An anti-abortion rally in Washington, D.C. Photo: Saul Loeb/AFP/Getty Image

The Missouri Senate passed a bill early Thursday 24-10 to outlaw abortions at 8 weeks of pregnancy, AP reports.

Details: The bill needs at least another vote of approval in the Republican-led House before it can go to Gov. Mike Parson (R), per Fox News. Parson has expressed his support for the measure, which includes exceptions for medical emergencies, but not for pregnancies caused by rape or incest.

The big picture: Missouri is the latest conservative state to move to restrict abortions. On Wednesday, Alabama Gov. Kay Ivey announced she'd signed a into law a ban restricting all abortions except for women whose lives are in danger.

Go deeper: Red America's anti-abortion surge

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Newsrooms abandoned as pandemic drags on

Illustration: Sarah Grillo/Axios

Facing enormous financial pressure and uncertainty around reopenings, media companies are giving up on their years-long building leases for more permanent work-from-home structures. Others are letting employees work remotely for the foreseeable future.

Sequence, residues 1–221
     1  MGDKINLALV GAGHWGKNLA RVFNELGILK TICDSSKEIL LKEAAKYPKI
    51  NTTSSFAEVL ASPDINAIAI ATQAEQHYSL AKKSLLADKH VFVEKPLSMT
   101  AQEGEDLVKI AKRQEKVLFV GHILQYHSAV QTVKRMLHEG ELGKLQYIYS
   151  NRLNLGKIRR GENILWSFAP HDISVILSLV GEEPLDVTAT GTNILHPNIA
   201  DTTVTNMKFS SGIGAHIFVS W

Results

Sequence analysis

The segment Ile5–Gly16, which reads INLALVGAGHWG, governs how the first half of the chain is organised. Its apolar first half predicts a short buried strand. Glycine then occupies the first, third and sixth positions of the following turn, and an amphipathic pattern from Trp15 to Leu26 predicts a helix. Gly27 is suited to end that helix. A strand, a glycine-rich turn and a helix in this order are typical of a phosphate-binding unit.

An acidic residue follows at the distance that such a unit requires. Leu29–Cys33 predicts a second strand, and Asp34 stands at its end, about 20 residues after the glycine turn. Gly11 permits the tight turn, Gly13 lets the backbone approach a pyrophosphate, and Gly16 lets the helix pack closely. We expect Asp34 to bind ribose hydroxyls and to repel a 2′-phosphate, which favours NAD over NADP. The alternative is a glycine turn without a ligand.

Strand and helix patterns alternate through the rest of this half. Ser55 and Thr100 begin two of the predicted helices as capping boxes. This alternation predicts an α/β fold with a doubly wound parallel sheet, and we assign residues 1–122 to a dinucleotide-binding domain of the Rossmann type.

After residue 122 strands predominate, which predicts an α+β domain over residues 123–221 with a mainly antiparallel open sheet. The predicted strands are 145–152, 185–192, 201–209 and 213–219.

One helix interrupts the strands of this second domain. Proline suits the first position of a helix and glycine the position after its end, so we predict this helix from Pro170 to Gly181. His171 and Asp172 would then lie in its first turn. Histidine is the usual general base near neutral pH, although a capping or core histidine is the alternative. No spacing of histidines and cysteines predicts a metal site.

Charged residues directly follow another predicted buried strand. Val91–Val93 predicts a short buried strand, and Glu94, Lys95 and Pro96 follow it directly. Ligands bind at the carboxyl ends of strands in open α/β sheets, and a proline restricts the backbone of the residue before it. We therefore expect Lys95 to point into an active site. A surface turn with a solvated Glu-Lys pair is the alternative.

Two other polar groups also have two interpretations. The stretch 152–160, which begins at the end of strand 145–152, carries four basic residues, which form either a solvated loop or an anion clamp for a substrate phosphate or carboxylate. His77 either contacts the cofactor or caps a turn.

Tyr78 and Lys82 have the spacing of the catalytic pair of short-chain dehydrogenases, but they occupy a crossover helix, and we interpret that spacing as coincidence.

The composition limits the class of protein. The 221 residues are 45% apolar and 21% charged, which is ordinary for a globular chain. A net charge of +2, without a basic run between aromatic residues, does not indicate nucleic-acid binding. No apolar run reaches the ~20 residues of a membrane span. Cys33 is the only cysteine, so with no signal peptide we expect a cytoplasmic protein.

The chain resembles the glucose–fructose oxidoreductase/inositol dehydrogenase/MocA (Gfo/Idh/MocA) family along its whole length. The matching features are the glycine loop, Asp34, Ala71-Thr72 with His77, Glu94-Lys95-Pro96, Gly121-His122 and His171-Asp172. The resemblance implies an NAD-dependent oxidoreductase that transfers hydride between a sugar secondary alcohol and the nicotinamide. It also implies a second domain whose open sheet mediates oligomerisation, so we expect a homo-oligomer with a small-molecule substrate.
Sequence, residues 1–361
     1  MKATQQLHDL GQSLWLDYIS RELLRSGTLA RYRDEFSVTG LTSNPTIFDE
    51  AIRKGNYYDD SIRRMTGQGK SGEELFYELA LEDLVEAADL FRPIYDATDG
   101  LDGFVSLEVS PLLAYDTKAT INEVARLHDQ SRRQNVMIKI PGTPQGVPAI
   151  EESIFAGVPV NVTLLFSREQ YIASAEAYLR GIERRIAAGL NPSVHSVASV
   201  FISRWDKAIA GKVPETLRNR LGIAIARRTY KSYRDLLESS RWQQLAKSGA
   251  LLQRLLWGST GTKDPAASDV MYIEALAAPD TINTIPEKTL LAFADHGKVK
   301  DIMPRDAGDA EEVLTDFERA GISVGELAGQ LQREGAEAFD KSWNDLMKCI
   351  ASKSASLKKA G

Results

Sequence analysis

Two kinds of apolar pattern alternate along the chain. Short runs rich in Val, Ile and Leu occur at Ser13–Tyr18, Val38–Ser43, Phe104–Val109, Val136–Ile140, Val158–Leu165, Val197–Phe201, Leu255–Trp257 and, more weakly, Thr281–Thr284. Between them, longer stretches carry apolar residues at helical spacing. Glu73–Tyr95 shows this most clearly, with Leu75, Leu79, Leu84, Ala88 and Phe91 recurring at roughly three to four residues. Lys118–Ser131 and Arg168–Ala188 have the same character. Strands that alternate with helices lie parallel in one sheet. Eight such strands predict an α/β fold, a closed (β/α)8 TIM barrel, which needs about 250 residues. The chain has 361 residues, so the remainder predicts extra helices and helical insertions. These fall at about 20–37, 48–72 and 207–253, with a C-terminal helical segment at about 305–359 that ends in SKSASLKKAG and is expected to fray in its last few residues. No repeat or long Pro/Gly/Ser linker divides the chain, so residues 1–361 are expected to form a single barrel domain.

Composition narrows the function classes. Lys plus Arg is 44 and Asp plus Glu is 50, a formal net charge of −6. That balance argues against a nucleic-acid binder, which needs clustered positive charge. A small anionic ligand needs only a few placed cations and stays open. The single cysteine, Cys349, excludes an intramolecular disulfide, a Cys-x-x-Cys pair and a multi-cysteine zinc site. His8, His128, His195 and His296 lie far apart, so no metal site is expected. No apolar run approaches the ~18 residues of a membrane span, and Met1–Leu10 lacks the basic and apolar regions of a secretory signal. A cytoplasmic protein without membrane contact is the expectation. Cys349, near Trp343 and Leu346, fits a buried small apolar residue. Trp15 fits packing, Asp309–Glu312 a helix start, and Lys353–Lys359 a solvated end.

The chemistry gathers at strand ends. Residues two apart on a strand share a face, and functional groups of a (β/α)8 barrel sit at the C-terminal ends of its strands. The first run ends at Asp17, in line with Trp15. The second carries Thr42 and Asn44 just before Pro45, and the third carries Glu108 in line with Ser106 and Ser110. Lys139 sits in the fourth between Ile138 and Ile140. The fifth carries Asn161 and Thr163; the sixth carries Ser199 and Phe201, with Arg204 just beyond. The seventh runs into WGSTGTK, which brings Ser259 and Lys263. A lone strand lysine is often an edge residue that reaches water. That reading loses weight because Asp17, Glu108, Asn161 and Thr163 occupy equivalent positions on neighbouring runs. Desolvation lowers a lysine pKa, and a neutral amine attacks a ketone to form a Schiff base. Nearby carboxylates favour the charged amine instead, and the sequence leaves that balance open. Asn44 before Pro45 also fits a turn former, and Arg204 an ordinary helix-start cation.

Why it matters: Real estate is often the most expensive asset that media companies own. And for companies that don't own their space, it's often the biggest expense.

38 mins ago - Technology

Dark clouds envelop feel-good Pinterest

Illustration: Eniola Odetunde/Axios

Pinterest set out to be a bright spot in cutthroat Silicon Valley, but now stands to see its reputation forever tarnished by allegations of mistreatment and a toxic culture by women who held senior roles at the company.

Why it matters: Even a company known for progressive policy decisions and successfully combatting hateful and otherwise problematic content isn't immune to the systemic problems that have plagued many tech companies.

Big Tech pushes voter initiatives to counter misinformation

Illustration: Rebecca Zisser/Axios

Tech giants are going all in on civic engagement efforts ahead of November's election to help protect themselves in case they're charged with letting their platforms be used to suppress the vote.

Why it matters: During the pandemic, there's more confusion about the voting process than ever before. Big tech firms, under scrutiny for failing to stem misinformation around voting, want to have concrete efforts they can point to so they don't get blamed for letting an election be manipulated.